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Mykele Deville with Vaniya. Photo by Sarah Joyce.

“There’s more Americas,” Deville says. “There’s so many different experiences in this country, but this one I grew up in was a very unforgiving one. You may have to take a route that isn’t looked upon favorably with the government, and in most of the cases, you have to take that route because it’s been set there before you that you got basketball, or you got this weight.”

He continues: “You gonna figure it out, because you’re bound to get some sort of charge…even if you didn’t commit the crime. I watched it happen to family members, to myself, to other folk, and it develops a deep distrust from a very young age when you see your cousin being thrown under the jail for a dimebag under the Clinton administration, when you watch people get killed and watch the police come with one ambulance, push the blood into the storm drain, put up the yellow caution tape for like five minutes and then take it down like nothing happened. That’s an America people live in every single fucking day, and that’s not addressed.”

Deville is a founder of the eclectic multi-arts space The Dojo, whose collective of resident artists create whirling three dimensional spaces filled with vendors, visual artists, and a wider array of musical genres than most of the venues in Chicago’s punk-dominated DIY scene. After moving on, he was sleeping in a loft bed at Eco, a sister venue topped with a beautiful rooftop garden overlooking Pilsen. Still, he notes that if he walked out the door and happened to look ‘suspicious,’ which could really mean anything, he would immediately be in danger.

Over on the west side, Vaniya faces her own obstacles. “She says she hears shootings. You gotta think, for a kid to know that sound very very well, and still have to traverse that area, and still have to worry about algebra first period.. You develop post traumatic paranoia, you’re walking around afraid constantly.”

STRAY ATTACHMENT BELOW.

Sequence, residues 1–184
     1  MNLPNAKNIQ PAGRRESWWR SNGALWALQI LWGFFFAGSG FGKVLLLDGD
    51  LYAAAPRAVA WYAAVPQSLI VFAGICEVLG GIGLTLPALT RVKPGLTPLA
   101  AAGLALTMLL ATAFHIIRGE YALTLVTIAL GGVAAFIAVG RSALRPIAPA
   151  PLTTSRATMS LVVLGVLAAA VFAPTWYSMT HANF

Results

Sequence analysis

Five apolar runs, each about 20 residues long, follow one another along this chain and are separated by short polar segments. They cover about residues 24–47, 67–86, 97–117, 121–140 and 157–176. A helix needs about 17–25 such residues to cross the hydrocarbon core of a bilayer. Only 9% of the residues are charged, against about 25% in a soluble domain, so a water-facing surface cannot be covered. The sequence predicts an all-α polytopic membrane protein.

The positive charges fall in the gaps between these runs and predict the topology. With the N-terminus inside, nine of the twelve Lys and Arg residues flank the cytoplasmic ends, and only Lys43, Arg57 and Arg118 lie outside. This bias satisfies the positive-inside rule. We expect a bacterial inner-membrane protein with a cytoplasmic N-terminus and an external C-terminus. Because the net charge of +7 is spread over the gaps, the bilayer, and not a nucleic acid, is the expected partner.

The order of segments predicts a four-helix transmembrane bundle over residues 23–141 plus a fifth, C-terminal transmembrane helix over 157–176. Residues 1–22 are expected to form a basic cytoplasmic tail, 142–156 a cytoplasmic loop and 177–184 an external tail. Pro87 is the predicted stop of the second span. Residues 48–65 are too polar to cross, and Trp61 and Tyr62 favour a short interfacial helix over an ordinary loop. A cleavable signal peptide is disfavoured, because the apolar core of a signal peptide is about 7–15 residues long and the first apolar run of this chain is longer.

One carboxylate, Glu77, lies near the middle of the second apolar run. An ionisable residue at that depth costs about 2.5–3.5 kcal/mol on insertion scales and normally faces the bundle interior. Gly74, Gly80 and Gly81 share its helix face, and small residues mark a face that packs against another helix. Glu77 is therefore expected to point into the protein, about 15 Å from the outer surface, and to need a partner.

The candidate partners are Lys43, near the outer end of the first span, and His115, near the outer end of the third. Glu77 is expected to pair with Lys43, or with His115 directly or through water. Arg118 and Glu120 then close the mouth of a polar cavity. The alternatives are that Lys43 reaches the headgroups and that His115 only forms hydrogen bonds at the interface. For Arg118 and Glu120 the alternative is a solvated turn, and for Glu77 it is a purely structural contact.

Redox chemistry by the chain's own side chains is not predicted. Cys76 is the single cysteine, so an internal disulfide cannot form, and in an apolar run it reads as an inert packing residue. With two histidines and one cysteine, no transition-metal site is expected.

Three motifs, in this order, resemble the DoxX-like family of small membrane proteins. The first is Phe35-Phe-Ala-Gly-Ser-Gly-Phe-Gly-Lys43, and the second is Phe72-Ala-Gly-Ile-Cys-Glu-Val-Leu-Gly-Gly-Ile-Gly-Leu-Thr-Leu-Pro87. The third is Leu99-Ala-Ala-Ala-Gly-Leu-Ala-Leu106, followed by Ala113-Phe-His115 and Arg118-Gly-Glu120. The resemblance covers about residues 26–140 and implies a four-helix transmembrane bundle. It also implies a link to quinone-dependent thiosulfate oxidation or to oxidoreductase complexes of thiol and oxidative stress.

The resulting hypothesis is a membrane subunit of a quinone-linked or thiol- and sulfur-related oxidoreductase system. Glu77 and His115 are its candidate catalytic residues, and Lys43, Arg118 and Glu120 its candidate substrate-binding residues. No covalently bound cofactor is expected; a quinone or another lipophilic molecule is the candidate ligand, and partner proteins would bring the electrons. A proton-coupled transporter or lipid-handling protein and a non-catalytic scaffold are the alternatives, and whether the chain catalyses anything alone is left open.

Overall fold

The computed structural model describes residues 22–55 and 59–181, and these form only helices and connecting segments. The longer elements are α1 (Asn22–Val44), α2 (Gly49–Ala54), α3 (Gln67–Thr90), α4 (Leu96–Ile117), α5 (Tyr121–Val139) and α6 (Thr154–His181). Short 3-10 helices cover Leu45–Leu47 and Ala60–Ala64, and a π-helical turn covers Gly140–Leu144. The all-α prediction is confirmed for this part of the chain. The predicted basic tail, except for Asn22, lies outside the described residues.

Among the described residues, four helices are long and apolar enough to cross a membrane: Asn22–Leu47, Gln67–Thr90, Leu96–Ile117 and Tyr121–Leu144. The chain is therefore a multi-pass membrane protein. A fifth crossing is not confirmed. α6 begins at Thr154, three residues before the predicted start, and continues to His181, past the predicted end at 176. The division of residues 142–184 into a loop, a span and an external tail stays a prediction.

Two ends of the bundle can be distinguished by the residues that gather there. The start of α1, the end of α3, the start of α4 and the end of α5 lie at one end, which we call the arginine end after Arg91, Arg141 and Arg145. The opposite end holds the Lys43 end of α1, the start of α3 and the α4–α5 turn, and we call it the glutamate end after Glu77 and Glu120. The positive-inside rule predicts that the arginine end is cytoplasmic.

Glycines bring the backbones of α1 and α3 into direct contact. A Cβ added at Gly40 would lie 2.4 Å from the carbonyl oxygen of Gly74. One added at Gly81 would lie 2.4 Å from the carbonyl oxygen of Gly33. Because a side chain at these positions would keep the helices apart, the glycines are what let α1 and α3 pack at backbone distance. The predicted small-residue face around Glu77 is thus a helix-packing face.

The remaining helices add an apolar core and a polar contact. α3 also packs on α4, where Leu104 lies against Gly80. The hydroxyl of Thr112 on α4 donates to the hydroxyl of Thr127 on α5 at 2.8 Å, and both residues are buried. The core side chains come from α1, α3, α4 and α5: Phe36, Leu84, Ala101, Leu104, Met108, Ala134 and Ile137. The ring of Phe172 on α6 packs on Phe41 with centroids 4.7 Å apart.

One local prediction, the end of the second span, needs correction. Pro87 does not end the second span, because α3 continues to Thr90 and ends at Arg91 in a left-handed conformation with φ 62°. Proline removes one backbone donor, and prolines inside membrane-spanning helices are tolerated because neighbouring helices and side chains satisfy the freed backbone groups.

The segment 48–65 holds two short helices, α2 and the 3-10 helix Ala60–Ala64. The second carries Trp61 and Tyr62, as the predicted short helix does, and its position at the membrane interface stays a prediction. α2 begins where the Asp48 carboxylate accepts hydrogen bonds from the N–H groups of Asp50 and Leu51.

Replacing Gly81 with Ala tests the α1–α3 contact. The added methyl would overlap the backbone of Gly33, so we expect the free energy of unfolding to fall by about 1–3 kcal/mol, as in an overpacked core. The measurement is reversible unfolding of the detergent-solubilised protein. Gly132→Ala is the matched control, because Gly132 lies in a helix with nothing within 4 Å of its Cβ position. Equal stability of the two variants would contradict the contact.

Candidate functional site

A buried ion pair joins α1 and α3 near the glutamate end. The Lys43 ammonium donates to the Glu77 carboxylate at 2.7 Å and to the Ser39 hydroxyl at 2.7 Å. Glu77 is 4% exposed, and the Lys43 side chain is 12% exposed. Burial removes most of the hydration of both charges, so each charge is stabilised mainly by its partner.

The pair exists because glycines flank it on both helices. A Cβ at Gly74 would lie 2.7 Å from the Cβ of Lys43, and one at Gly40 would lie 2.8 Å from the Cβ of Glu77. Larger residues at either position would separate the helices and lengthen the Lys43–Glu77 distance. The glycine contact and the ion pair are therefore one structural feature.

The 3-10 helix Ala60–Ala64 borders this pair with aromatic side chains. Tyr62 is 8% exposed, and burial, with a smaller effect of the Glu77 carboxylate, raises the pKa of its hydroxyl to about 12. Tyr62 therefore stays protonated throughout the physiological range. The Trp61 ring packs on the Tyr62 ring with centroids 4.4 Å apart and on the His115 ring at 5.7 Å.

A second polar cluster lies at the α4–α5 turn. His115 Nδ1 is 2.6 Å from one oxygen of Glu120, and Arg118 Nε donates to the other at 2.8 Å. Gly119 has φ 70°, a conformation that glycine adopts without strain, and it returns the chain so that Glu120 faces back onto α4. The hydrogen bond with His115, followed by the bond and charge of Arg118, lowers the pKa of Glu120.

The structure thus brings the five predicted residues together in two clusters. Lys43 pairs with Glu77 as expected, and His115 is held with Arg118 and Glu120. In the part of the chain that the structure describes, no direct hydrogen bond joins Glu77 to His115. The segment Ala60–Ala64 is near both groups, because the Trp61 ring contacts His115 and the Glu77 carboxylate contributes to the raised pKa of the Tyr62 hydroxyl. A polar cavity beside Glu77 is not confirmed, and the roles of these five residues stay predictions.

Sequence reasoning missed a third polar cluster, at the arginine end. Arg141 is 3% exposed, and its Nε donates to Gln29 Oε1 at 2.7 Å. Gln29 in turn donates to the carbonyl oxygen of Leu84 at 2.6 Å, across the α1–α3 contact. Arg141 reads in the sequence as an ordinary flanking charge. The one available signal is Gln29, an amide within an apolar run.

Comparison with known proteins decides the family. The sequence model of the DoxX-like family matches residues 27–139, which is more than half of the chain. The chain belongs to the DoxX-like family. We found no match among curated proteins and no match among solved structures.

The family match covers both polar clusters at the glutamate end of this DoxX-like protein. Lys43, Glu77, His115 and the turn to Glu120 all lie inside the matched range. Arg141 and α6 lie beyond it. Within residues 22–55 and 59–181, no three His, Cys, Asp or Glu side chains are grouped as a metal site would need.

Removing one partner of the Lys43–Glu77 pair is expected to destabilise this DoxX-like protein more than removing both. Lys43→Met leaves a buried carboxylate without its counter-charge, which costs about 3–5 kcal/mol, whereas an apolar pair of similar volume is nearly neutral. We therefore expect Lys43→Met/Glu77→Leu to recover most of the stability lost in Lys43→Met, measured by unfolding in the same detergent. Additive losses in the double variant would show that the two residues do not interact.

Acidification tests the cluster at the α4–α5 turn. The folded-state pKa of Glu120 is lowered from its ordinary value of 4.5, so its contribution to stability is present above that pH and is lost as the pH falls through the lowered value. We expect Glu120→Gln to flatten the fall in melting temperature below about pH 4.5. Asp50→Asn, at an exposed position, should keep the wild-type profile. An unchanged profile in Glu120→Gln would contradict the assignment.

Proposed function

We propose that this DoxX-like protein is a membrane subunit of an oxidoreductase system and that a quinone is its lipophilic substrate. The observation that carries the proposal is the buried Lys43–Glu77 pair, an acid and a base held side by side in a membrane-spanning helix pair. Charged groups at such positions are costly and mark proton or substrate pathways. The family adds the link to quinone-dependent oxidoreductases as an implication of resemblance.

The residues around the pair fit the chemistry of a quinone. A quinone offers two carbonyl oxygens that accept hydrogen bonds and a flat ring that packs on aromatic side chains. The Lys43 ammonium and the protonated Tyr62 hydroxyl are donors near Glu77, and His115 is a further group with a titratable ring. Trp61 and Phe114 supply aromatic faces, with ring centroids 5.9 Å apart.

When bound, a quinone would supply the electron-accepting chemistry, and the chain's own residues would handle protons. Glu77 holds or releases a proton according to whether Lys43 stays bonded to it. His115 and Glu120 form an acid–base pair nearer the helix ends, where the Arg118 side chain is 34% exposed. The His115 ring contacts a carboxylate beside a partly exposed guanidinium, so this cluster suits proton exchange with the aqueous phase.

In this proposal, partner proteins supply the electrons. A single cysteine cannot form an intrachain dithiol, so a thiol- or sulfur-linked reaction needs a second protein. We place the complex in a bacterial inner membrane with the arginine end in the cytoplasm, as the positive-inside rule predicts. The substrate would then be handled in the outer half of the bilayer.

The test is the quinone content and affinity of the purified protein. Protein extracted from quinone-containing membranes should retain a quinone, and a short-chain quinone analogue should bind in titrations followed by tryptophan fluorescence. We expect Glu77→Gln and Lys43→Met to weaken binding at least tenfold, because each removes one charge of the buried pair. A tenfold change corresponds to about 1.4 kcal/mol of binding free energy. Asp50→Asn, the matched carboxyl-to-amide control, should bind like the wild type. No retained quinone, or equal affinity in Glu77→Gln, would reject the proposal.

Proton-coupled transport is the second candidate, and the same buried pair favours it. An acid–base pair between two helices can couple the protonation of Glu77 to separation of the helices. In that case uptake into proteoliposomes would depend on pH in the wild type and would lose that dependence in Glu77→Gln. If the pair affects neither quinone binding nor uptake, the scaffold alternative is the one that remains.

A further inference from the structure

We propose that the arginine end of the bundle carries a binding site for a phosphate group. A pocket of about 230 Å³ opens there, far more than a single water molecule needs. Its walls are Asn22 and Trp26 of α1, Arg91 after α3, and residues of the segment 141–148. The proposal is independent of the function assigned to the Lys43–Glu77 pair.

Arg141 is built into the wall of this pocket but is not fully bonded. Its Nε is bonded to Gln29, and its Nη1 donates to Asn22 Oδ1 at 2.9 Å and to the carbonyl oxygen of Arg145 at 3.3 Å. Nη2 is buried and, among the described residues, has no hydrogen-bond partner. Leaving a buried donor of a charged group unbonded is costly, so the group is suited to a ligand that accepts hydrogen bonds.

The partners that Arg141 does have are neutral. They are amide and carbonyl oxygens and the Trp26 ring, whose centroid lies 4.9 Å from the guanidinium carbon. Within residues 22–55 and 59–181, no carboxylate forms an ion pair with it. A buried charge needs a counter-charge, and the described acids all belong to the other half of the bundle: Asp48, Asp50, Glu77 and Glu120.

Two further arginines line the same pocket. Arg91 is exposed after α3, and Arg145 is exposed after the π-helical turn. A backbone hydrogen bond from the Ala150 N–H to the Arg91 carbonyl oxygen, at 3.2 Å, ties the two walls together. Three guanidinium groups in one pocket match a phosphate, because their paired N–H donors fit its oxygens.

Each One, Teach One is a roadmap to the love and optimism inside yourself in an unforgiving world. Despite the heavy subject matter tackled, Vaniya says she had fun recording the album. “We had to stop a few times because I kept laughing, it was funny. I really liked it. I especially like recording C’est La Vie with him.”

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Mykele Deville with Vaniya. Photo by Sarah Joyce.

“C’est La Vie” is the album’s closing track, a clearheaded and ebullient anthem for self-determination that features Vaniya’s voice in the chorus. It reflects their real-world relationship, where he steadfastly encourages her to take her own path.

“Something he really taught me is never put yourself down or anything, and it don’t matter what nobody else says, It only matters what you say, if you want to be outside the box, you can be outside the box,” Vaniya says.

Reflecting on what positive message the album has to offer, Deville says, “This album is a lot more about love, acceptance of your color, acceptance of who you are as a young person growing up on the West Side of Chicago like I did; finding self worth, and loving yourself and loving your hair and your beauty, because I have to tell myself these things too. It’s not a gender thing, it’s a person thing. If I can show her that, versus puffing my chest out and telling everybody how good of a rapper I am, I think over time she’ll be able to hear these things and really internalize them for herself.”

He pauses, looking at Vaniya in the rooftop sunlight. “We got a little nephew, my little nephew Mikey. Maybe I’ll make a mixtape for him too. You know, share it around, spread the joy.”

—Lorena Cupcake